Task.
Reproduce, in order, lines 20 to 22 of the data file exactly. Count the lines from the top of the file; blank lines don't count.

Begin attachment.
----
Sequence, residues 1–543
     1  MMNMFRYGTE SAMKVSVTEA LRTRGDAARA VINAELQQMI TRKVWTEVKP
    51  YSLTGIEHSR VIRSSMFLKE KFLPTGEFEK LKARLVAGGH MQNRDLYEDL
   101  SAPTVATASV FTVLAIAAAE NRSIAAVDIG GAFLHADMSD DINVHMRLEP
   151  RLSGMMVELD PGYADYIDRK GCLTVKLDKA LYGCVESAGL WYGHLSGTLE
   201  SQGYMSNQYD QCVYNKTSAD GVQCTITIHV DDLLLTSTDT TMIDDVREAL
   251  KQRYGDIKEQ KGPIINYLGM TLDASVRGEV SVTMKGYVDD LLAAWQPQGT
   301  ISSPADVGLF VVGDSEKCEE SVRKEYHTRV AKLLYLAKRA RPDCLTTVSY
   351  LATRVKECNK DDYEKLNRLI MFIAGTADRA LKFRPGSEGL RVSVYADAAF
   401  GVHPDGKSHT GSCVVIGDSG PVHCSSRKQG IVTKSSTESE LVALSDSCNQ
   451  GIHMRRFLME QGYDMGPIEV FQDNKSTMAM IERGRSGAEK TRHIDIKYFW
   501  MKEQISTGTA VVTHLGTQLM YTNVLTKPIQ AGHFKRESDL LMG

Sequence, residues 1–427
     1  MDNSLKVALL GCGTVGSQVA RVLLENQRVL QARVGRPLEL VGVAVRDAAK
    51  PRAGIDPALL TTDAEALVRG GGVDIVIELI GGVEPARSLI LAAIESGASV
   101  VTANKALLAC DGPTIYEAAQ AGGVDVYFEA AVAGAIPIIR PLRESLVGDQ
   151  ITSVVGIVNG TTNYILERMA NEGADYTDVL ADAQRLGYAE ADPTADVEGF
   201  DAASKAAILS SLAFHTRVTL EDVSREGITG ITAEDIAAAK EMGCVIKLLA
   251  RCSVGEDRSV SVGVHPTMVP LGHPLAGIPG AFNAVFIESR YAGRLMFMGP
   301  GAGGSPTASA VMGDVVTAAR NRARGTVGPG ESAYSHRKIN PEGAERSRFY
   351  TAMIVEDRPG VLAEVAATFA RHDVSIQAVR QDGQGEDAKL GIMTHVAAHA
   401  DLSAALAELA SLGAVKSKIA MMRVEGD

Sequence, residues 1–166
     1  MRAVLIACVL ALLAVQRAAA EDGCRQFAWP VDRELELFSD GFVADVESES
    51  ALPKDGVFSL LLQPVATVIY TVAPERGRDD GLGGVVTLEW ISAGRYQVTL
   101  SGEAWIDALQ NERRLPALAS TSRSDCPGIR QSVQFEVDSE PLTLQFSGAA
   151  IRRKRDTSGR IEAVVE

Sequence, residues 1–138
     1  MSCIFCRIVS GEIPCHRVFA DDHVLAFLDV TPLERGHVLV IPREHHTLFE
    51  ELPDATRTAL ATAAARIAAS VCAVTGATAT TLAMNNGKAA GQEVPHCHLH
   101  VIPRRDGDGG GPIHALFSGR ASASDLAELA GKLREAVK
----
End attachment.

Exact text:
   301  GAGGSPTASA VMGDVVTAAR NRARGTVGPG ESAYSHRKIN PEGAERSRFY
   351  TAMIVEDRPG VLAEVAATFA RHDVSIQAVR QDGQGEDAKL GIMTHVAAHA
   401  DLSAALAELA SLGAVKSKIA MMRVEGD